Quantitative Computed Tomography Classification of Lung Nodules: Initial Comparison of 2- and 3-Dimensional Analysis

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Abstract

Objective

The aim of this study was to compare the performance of 2- (2D) and 3-dimensional (3D) quantitative computed tomography (CT) methods for classifying lung nodules as lung cancer, metastases, or benign.

Methods

Using semiautomated software and computerized analysis, we analyzed more than 50 quantitative CT features of 96 solid nodules in 94 patients, in 2D from a single slice and in 3D from the entire nodule volume. Multivariable logistic regression was used to classify nodule types. Model performance was assessed by the area under the receiver operating characteristic curve (AUC) using leave-one-out cross-validation.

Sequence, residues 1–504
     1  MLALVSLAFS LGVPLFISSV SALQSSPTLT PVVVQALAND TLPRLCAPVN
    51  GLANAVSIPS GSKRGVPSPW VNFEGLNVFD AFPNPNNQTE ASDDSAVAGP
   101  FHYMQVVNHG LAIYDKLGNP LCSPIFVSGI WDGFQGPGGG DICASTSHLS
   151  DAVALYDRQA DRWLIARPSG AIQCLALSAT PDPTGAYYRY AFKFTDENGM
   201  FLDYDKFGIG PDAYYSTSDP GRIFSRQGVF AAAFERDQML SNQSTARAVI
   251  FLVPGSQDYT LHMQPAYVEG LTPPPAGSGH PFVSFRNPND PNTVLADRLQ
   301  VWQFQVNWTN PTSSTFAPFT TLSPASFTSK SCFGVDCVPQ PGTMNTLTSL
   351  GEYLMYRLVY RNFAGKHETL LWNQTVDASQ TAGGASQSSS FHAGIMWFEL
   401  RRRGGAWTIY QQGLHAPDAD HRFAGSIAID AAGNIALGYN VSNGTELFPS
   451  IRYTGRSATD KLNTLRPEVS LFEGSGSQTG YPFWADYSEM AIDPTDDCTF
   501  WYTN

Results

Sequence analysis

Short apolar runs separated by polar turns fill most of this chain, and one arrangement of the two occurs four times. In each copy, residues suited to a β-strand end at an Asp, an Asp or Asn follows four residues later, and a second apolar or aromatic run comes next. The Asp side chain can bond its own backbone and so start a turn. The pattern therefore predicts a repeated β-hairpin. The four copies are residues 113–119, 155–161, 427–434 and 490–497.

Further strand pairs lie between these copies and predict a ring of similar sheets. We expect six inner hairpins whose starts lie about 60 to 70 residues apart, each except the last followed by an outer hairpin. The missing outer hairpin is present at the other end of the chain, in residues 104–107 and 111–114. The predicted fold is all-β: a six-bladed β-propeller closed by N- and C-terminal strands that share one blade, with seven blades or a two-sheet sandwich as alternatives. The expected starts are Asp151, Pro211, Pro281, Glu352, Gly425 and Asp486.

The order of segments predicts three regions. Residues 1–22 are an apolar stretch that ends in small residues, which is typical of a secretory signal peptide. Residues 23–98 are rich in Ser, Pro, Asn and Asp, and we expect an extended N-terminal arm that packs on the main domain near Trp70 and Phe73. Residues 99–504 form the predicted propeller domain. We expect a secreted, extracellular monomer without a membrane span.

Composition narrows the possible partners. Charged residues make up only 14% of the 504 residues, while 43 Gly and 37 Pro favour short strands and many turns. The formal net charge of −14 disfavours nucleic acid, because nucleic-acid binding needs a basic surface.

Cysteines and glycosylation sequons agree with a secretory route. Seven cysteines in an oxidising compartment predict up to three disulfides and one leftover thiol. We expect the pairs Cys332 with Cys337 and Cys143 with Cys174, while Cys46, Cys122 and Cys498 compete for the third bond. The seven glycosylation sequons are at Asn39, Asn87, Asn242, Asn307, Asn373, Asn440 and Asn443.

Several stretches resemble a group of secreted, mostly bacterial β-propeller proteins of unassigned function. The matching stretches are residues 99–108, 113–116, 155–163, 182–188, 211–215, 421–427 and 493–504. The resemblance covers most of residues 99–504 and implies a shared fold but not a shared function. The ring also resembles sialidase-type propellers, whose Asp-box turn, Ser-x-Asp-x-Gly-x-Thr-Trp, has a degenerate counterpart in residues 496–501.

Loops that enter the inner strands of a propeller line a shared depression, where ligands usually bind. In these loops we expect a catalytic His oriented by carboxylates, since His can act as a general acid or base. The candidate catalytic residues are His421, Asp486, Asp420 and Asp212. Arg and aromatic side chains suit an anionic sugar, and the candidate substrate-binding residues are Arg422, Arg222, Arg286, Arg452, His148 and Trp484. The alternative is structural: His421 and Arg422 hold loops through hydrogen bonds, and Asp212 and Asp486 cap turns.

Results

The AUC for distinguishing 53 primary lung cancers from 18 benign nodules and 25 metastases ranged from 0.79 to 0.83 and was not significantly different for 2D and 3D analyses (P = 0.29–0.78). Models distinguishing metastases from benign nodules were statistically significant only by 3D analysis (AUC = 0.84).

Conclusions

Three-dimensional CT methods did not improve discrimination of lung cancer, but may help distinguish benign nodules from metastases.

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